Regarding D&C 1, I'm an English major and professional writer since 1984.  I've published three dozen articles on things LDS.   I'm not proposing an esoteric interpretation of what it means to describe human weakness in authorized servants, err that shall be made manifest and conditional, rather than unconditional paths to knowledge and revelation.   Sections of the D&C that chronologically come after D&C 1, as well as all of our history supports my reading. 

The guarantee on the LDS leaders extends to "expedience" from God's perspective.  Some the meanings of "Sustain" are suffer, allow, permit.   What makes it all worth while are authority, ordinances and covenants, and ongoing revelation.  Not infallibility or omniscience.

Sorenson put together a useful listing or problems with any North American correlation to the Book of Mormon.

http://www.bmaf.org/articles/bunch_reasons_not_include_north_america__sorensen

It's a start.

I had a section in one of my responses to Vogel on issues with the traditional NY Cumorah and Hemispheric readings, but Larry Poulson's work is far more detailed and specific.

FWIW

Kevin Christensen

Canonsburg, PA

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5 hours ago, Kevin Christensen said:

Regarding D&C 1, I'm an English major and professional writer since 1984.  I've published three dozen articles on things LDS.   I'm not proposing an esoteric interpretation of what it means to describe human weakness in authorized servants, err that shall be made manifest and conditional, rather than unconditional paths to knowledge and revelation.   Sections of the D&C that chronologically come after D&C 1, as well as all of our history supports my reading.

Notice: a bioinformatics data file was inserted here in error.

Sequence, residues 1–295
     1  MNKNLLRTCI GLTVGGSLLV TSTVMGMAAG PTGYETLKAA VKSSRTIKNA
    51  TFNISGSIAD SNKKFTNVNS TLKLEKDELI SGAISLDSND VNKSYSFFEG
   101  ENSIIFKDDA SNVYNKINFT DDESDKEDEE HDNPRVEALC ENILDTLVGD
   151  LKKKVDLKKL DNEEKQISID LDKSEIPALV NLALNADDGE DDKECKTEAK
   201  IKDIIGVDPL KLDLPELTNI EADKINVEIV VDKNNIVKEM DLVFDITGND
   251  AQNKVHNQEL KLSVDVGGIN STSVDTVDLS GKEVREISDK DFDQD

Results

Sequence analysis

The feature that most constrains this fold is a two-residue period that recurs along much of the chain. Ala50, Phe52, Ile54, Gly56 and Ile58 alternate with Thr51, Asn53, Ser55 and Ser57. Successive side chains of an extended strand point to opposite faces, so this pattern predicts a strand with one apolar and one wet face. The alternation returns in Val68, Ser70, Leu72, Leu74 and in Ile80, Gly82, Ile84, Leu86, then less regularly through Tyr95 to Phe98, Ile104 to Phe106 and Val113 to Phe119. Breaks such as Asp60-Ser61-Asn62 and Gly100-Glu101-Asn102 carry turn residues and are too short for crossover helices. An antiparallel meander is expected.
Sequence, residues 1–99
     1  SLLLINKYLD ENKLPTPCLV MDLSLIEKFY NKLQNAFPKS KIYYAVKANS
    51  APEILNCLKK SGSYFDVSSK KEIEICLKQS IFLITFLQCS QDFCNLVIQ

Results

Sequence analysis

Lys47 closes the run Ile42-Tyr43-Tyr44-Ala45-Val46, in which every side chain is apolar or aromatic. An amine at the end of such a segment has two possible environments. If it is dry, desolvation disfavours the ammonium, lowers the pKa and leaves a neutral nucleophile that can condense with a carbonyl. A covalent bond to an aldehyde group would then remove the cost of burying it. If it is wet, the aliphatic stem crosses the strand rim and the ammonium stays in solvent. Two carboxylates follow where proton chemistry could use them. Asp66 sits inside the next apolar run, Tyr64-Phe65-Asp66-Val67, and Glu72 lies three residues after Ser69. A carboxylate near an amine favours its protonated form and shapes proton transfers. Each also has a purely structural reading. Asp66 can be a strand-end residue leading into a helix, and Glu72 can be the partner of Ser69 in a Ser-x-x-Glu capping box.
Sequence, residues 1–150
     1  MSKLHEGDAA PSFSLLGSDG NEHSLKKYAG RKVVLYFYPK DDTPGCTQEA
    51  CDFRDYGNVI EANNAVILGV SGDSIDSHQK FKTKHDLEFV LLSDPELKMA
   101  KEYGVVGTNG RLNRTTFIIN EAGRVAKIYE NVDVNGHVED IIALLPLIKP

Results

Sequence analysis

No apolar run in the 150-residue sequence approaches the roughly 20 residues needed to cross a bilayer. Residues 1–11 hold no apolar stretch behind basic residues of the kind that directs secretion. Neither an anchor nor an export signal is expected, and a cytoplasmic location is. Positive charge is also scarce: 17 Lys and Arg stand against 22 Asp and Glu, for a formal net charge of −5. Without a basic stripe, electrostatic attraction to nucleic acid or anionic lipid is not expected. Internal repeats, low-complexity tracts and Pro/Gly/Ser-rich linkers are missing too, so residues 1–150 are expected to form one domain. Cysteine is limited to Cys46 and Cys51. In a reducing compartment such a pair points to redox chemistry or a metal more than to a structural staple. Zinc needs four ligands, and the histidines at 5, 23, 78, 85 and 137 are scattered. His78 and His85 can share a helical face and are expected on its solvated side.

The guarantee on the LDS leaders extends to "expedience" from God's perspective.  Some the meanings of "Sustain" are suffer, allow, permit.   What makes it all worth while are authority, ordinances and covenants, and ongoing revelation.  Not infallibility or omniscience.

Sorenson put together a useful listing or problems with any North American correlation to the Book of Mormon.

http://www.bmaf.org/articles/bunch_reasons_not_include_north_america__sorensen

It's a start.

I had a section in one of my responses to Vogel on issues with the traditional NY Cumorah and Hemispheric readings, but Larry Poulson's work is far more detailed and specific.

FWIW

Kevin Christensen

Canonsburg, PA

BMAF is biased by design:

http://bmaf.org/about/mission_statement

So, naturally it would ignore North America. It’s part of its mission statement and IRS-approved 501(c)(3) documents to do so.

BMAF is the legal organization behind Book of Mormon Central:

https://bookofmormoncentral.org/about